Angelo Reserve Participates in Berkeley’s Big Give

Berkeley Donations 2016As part of the University of California, Berkeley, Angelo Reserve is participating in the Big Give.  We are encouraging you to make a donate (tiny, small, medium, yuge) – of any size to help contribute to continuing world class research in our natural areas.  

What is it?
Big Give is an online fundraising event taking place during Big Game week, giving you and the entire Cal community — alumni, parents, students, faculty, staff, and friends — the chance to come together to support your favorite schools and programs, and help those schools and programs win prize money. This is our third annual Big Give event.

When is it?
9 p.m. PST on Wednesday, November 16 to 9 p.m. PST on Thursday, November 17, 2016.

Hauling batteries and hanging from trees: Angelo gets a wireless upgrade

Out with the old, in with the new.  Reserve Steward, Peter, CZO members, Collin and

Wireless relay in a redwood on top of a ridge.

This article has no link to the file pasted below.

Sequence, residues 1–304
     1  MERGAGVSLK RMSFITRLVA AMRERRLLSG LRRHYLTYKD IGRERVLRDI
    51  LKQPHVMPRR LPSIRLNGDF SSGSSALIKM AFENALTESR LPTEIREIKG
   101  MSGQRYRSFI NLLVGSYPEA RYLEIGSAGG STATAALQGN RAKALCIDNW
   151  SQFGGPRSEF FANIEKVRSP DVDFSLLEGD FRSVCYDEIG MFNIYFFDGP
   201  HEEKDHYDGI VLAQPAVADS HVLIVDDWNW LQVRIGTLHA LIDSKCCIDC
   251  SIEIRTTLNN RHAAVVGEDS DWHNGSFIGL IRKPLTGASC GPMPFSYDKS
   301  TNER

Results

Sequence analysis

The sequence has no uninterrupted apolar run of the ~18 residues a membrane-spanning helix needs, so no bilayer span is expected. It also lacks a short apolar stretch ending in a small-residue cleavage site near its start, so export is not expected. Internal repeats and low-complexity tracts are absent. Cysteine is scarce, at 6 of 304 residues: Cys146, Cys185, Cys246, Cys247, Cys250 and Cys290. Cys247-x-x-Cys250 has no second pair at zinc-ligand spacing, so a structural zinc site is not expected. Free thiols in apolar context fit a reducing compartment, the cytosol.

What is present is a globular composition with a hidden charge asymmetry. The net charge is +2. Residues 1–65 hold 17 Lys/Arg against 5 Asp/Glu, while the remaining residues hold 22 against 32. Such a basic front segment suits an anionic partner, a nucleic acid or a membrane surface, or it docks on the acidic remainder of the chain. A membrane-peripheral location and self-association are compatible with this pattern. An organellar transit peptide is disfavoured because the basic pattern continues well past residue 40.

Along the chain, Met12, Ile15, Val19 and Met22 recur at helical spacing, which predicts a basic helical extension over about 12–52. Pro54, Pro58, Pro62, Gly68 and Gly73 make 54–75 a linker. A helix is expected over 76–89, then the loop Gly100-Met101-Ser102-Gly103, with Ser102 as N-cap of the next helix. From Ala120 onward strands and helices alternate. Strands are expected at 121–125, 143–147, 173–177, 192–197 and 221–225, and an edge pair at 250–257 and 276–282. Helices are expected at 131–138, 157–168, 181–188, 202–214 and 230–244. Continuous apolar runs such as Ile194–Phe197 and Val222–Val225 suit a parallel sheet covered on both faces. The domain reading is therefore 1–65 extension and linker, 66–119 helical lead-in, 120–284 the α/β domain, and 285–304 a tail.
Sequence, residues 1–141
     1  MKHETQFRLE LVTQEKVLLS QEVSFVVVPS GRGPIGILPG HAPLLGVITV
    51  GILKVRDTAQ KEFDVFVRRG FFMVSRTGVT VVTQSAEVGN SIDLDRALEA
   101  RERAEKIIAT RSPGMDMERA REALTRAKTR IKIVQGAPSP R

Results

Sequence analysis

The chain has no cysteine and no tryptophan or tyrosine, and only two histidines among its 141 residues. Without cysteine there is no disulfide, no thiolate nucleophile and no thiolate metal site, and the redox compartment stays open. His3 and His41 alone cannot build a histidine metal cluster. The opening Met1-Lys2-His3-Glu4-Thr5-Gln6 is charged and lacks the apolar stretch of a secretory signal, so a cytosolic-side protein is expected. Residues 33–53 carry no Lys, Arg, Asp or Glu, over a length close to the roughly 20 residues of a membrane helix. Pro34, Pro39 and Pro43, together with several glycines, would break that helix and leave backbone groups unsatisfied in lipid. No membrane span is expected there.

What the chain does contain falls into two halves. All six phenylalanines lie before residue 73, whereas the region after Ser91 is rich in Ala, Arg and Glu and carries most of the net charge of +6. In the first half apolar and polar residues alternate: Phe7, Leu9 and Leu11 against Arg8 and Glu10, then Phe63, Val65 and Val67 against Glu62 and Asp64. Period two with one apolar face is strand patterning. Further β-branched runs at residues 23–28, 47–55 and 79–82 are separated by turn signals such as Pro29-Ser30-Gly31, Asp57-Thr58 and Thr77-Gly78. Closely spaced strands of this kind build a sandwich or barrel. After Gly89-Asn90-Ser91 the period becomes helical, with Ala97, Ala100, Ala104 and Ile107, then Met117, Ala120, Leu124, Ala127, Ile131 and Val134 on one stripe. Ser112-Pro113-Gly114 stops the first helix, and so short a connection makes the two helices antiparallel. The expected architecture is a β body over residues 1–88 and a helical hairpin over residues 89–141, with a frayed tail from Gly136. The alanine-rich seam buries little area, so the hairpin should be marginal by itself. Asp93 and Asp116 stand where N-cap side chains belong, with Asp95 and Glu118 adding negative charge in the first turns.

Wireless relay in a redwood on top of a ridge.

Chris, have been working with our locally owned service provider, 101Netlink, to replace the aging network infrastructure.  Our equipment of choice is telecom-grade Ubiquiti wireless radios (UBNT Rocket M2, NanoBeam M2, and NanoStation M2).

The reserve’s rugged topography and tall trees make it extremely challenging to get internet connectivity.  With over 700 realtime sensors deployed, this is a critical component to the research infrastructure.

We use trees as towers and power our equipment with solar systems.   This can provide challenges, such as lugging two 70lbs deep cycle solar batteries up a mountainside.  It also is a great excuse to climb a redwood!



National Academy of Sciences Report on Field Stations

Last July, the National Academy of Sciences released this report on Field Stations:

Schubel, J. R., Conrad, C. C., Debinski, D., Kareiva, P. M., Matsumoto, G. I., McKnight, D. M., Parmeson, C., Plowes, R., Power, A.G., Power, M.E., Stromberg, M.R.  (2014). Enhancing the Value and Sustainability of Field Stations and Marine Laboratories in the 21st Century. Report of the National Research Council of the National Academies of Sciences, pp. 1–84.

This entire report can be downloaded at  It describes the critical importance of field stations in the 21st century, but also charges those who use and care for them with being more entrepreneurial in order to sustain them through an era of declining federal grant support for science in the United States.

Here, you can also view a film that features four different Angelo sequences:

Field Station book